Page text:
> Battery life, I've had about 6 to 7 hours of battery life from a full
> charge of the 1600 mAh Nomad battery pack--still working that many years
> later--and about 8 or so hours from fully charged 2000 mAh NiMH
> batteries. The key point is that this is when playing games at a
> moderate volume. When cranking up the volume to near maximum, I've seen
> battery life as short as 2 hours for smaller memory game cartridges (8
> megabit and lower) and as low as 45 minutes of battery life for larger
> game cartridges (16 megabit or larger). I need to find out if I'm
> overcharging the battery pack or not cycling the NiMH batteries enough
> to get maximum capacity from them, or if that much power is really
> consumed when the volume is turned that much louder (in which case, I'll
> just make sure to bring two or three extra sets of charged batteries and
> not play games that would take more than 2 hours to complete when just
> using batteries).

I never had the actual battery pack...just that pack that you had to put
batteries in. It was a joke. Then again, I rarely ever played the thing
anywhere where an outlet wasn't readily available. ;)

Bel
--
Whip Ass Gaming: http://www.whipassgaming.com/

"Row, row, row your boat gently down the stream...whoa, I think my dingy
hanging out!"
- Lo Wang, Shadow Warrior
Re: Sega Nomad: current observations and comments [message #131370 is a reply to message #131366] Mon, 25 October 2010 21:46 Go to previous messageGo to next message
BelPowerslave is currently offline  BelPowerslave
Messages: 264
Registered: November 2006
Karma: 0
Senior Member
> Sega must have done a poor job publicizing that unit because I don't
> recall hearing about it or seeing it in a store.

It was the price that did it...$300 for a portable Genesis when the
system itself was, IIRC, at that point just $89.99. Plus, it was
released so late in the Genesis' lifespan...

> I added the early style
> drawer load CD unit to my Genesis console, but never bought many disks
> for it.

You should...the Sega CD is fucking awesome. Houses the definitive
version of most games that show up on it...

Bel
--
Whip Ass Gaming: http://www.whipassgaming.com/

"It has a few too many vampires and talking arms in it for my taste..."
- Sigmund Freud, after being dug up, brought back to life and then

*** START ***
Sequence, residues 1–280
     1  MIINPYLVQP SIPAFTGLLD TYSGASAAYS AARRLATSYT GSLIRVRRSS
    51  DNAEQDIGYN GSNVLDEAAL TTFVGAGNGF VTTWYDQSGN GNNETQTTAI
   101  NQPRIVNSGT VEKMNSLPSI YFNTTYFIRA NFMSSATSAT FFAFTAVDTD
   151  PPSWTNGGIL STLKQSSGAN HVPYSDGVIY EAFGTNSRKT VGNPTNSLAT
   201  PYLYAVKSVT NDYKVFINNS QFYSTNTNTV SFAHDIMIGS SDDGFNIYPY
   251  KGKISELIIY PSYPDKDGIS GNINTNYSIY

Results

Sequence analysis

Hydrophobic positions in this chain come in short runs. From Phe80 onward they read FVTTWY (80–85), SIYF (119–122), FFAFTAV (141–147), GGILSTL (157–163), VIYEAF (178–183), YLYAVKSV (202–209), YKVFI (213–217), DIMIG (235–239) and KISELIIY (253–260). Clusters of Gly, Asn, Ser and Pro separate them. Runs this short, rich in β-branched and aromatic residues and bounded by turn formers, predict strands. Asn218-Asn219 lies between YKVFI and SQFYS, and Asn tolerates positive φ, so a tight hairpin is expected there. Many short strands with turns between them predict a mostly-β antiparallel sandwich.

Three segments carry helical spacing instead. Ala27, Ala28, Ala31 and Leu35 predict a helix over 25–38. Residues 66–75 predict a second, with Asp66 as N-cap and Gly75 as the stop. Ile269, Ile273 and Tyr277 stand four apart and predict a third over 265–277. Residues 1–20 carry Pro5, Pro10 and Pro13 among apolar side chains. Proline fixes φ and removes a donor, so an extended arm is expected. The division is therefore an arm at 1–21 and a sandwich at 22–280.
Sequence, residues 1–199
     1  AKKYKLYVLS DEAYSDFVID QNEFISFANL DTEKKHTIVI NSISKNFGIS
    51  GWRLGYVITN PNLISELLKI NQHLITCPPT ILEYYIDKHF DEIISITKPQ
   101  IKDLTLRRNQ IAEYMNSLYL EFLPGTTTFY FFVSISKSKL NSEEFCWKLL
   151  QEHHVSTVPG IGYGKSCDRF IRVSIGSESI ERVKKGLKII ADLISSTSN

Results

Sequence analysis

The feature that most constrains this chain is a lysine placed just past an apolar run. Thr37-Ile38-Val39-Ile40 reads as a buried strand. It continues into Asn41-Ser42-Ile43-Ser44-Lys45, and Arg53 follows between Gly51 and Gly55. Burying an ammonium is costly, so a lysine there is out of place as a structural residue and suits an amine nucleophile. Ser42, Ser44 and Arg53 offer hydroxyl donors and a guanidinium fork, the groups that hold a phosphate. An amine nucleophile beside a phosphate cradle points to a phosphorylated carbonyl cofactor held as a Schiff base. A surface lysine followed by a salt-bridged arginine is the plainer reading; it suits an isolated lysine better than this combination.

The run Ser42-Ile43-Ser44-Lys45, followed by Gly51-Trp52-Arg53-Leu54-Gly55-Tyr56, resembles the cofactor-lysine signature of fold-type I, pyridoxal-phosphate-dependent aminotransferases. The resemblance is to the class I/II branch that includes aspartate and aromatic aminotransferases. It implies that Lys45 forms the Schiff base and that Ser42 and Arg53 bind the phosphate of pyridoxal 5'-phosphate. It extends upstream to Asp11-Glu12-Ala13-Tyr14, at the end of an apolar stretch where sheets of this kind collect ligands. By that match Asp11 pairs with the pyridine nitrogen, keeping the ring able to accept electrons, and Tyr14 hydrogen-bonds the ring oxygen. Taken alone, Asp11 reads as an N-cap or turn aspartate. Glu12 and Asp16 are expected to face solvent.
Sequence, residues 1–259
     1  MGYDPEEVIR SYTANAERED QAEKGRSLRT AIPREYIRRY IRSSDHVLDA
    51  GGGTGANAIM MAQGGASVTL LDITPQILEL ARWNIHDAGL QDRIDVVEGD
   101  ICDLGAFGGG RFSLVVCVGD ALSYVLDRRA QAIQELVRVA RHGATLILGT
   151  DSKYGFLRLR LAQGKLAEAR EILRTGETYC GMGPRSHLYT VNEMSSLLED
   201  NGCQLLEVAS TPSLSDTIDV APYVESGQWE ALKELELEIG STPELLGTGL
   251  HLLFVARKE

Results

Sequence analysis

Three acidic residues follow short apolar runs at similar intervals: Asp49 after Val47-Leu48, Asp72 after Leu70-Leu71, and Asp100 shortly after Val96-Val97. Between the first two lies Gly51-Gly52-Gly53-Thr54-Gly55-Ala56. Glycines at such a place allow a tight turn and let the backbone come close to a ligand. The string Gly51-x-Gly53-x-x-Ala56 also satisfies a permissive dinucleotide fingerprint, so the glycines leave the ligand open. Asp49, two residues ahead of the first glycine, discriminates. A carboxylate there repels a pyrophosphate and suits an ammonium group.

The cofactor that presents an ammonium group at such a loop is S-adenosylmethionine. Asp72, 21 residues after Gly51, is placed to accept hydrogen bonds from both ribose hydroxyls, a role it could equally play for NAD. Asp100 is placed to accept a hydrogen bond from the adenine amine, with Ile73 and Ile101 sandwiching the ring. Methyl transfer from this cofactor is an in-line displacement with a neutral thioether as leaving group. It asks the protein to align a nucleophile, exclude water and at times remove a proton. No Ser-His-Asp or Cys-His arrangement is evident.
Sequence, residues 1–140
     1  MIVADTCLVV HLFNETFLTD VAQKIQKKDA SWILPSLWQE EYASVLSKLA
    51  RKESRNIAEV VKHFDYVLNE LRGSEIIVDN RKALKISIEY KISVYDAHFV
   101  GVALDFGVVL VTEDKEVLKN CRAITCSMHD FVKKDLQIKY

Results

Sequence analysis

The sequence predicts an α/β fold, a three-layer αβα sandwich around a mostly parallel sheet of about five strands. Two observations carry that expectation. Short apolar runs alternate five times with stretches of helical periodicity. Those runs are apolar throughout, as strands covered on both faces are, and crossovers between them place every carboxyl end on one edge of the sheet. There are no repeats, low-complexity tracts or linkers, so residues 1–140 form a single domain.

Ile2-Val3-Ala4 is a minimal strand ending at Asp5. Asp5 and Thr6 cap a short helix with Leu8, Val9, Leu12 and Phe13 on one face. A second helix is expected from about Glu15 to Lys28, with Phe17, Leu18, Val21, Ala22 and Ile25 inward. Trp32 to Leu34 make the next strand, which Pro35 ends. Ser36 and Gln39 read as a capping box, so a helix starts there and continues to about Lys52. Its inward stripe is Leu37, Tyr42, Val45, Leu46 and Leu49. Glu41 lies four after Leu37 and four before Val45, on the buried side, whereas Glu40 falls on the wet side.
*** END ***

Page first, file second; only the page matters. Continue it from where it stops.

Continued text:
asked for his thoughts on Metal Gear Solid 2
Re: Sega Nomad: current observations and comments [message #131371 is a reply to message #131368] Mon, 25 October 2010 21:47 Go to previous messageGo to next message
BelPowerslave is currently offline  BelPowerslave
Messages: 264
Registered: November 2006
Karma: 0
Senior Member
> The nomad really was poorly advertised in the US & Canada. This is due
> in part to the Nomad being introduced while the GameGear was still
> being retailed.

I think that was a poor choice too. There was nothing wrong with the
Game Gear...and throw in the SMS Adapter and it was downright awesome.
The Nomad should have played more...let us play Game Gear games on it,
SMS games on it...why not?

> Many retailers wouldn't advertise the Nomad before
> selling out their GG stock. It's also interesting to note that the
> "keys" present on all of the US genesis units (physically preventing
> the use of Japanese carts) were absent on the nomad. For a nomad user
> the only thing that prevents the use of a JP game is the language
> barrier.

That's true. I had played many a MD import in the thing, back when I had
one. IIRC, it didn't even need a spacer, you could just pop MD games
right in there(like with the 32X).

Bel
--
Whip Ass Gaming: http://www.whipassgaming.com/

"I love collecting big guns! It looks so Unreal!"
- Sam Stone, Serious Sam II
Re: Sega Nomad: current observations and comments [message #131455 is a reply to message #131369] Sun, 31 October 2010 02:08 Go to previous messageGo to next message
Daniel W. Rouse Jr. is currently offline  Daniel W. Rouse Jr.
Messages: 12
Registered: October 2012
Karma: 0
Junior Member
Quoting only selected portions of an entire post...

"BelPowerslave" <bel@whipassgaming.com> wrote in message
news:ia5bpf$hnk$1@news.eternal-september.org...
[snip...]

> I used to own one...and back in the day I got a lot of mileage out of it.
> On the road, at work(shhhhh) and just about any other place that I didn't
> or couldn't have a full blow Genesis unit up and running. Thing is, after
> I got my first laptop and started messing with emulation, the Nomad almost
> instantly got put to the side. It wasn't that it was no longer
> interesting, but that I didn't want to have to lug around this thick-ass
> unit, however many carts I could fit in the carrying case, the power
> brick, etc...especially when I could just simply take my laptop, it's
> power supply and a Saturn controller(with USB adapter) and have the entire
> Genesis library at my disposal.
>
I've got a case for the Nomad, and I usually only bring two cartridges with
me at a time each day. I mainly started using it when I got stuck using
public transportation to go to and from work--not much in the way of
conversation on buses so might as well either listen to music or else play
video games.

> That's not just the Nomad either, the Game Gear really only sees any play
> when I'm sitting in bed and don't feel like getting out the laptop. Said
> laptop has killed a lot of portable gaming systems for me.
>
>> First of all, the Nomad system still works.
>
> Indeed.
>
It seems to be a quality build for most of the unit except for the cartridge
slot, I think. I've even had it fall off onto the floor (not carpet) from
sitting in a chair height on a coach style bus and it still worked on power
on.

[snip...]

> My biggest issue with the LCD screen, and it's the same way with every old